To the rest of the crew I will always remember and be grateful for the time we spent together and your seriousness towards the cause along with your ability to not take everything too seriously…if that makes any sense? It was really an honor getting to know each of you and working alongside one another. It became clear very soon into the trip that this was a special group of individuals devoted to helping others and not just a collection of people looking to add another stamp to their passport. We were able to forge many new friendships, many of which I know will continue to grow for several years to come.

In the end I know we all have to move on with our own lives and it will be difficult to gauge the lasting effects of this experience but I know that as long as those involved continue to put forth the effort and do so for the right reasons this type thing can only continue to grow. It will take time, maybe longer than we hope, but if I’ve learned anything from this experience it’s that you have to persevere in the face of adversity, and the only time in which we fail is not the moment we make a mistake but the moment we give up and stop trying.

Again thank you all, these experiences and lessons are ones that I will carry with me for the rest of my life.

Lots of love,

Jackson Connolly

To learn more about Jackson, visit his bio page. 

And So It Goes …

The pilot trip is in full swing and updates (and pictures) are happening over on EF’s Twitter! 

Here’s a few highlights thus far:

  • 7/4 - “Halfway there! Teams all here (minus Ashley who’s on her way) in Frankfurt. Next stop Jo’burg!”

  • 7/6 - “Great day today! Picked up the missing three bags and then drive 5 hours to chiredzi. Big brie tonight and off to the project tomorrow!”
  • 7/12 - “Incredible day. Brick foundation of the clinic is laid. Spent the afternoon at a primary school where we were gifted corn, greens & 4 chickens! Now, dinner time.”
  • 7/13 - “Left the project site this afternoon. The foundation of the clinic is in place and the leadership training was fantastic. Goodnight from Zim!”

We’ll be posting more once the team returns. Thanks for following along and supporting the trip.

Why go?

We are counting down the minutes until take-off of our first ever Service and Leadership trip and the anticipation is exciting. Two thoughts have been on my mind as we prepare to leave: I’ve spent time reflecting on the last time I was in Zim, and also considering a question that is so often asked of us before we leave - why?

My last journey to Zimbabwe was hands down my most difficult trip to date. A broken phone call, from half way around the world, informed me that one of my closest friends from home had suddenly passed away. It was a call that knocks the air out of your gut and slows time around you. We carried on and pushed through the work we had to get done, but every day it was a challenge to focus on the task at hand. As the trip came to a close and we gathered with partners to say our goodbyes, a new moment presented itself that will always remain etched in my memory. Our friend and partner, the great Dr. D, was battling cancer at the time, but looking strong and fit. That was part of who he was though, a strong and resolute man. Everyone there held hope that he could, and would, defeat his illness, but the unspoken reality was that his sickness was one that would be hard conquer.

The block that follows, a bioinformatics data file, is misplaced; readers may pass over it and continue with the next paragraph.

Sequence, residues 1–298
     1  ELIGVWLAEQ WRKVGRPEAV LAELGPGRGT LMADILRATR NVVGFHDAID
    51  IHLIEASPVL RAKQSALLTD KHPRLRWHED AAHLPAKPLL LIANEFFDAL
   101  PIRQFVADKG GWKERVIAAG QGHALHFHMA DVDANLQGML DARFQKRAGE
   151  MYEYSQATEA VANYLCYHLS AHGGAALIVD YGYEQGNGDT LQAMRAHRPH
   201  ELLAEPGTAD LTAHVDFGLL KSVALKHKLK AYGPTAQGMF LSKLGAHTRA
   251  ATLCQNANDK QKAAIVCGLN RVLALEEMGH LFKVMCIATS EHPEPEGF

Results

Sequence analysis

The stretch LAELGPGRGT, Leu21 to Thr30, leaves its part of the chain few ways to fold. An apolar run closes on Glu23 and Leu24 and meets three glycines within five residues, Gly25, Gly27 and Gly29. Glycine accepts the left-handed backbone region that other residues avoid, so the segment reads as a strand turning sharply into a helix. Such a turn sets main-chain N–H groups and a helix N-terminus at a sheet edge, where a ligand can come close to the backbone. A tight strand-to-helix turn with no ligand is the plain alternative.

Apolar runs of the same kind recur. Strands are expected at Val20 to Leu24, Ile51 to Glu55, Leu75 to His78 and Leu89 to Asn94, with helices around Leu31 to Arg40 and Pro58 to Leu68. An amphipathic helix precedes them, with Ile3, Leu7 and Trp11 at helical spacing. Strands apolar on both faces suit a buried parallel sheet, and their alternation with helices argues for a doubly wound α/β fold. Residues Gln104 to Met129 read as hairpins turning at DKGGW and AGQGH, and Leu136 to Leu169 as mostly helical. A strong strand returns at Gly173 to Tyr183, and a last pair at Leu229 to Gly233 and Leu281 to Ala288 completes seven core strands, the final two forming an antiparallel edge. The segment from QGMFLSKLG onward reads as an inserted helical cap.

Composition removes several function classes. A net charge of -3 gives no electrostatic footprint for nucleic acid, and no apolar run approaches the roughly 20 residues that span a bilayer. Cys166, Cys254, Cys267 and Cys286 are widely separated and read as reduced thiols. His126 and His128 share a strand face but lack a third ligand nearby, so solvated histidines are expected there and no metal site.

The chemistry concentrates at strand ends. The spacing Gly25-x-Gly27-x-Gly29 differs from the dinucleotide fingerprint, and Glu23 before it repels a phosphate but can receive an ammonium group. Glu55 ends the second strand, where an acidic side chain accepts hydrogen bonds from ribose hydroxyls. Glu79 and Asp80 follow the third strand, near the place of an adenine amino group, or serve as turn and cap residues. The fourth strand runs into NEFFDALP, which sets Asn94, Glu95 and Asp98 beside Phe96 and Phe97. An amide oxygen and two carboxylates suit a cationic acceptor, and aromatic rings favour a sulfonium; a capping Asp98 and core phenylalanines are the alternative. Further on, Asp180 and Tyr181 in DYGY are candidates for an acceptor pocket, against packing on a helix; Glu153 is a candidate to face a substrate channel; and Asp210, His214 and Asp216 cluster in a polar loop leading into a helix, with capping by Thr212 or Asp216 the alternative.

When it came time to depart, the hug between he and I lingered longer than normal, our goodbye was a bit more absolute. As our car drove away, I told myself I’d see him again, but the sinking feeling in my heart knew that I would not. He was a man that embodied honesty, strength, and goodness. He is someone I will always admire and aspire to emulate. And, he was a rock to the community we work in. His absence has deeply impacted everyone involved with the Elias Fund, but, most importantly, it has inspired us to carry on.

The question of why tends to take on many forms. Why do we go? Why Zimbabwe? Why travel halfway around the world to serve and learn? Why not serve and learn in your own community? Like an inquisitive five-year-old child discovering the workings of the world, these simple questions of why can be endless.

These questions are not always simply answered, however. For each person the answer will be different and can often be open to healthy debate. An individual’s stance on the question will surely be determined by his or her own worldview and lens.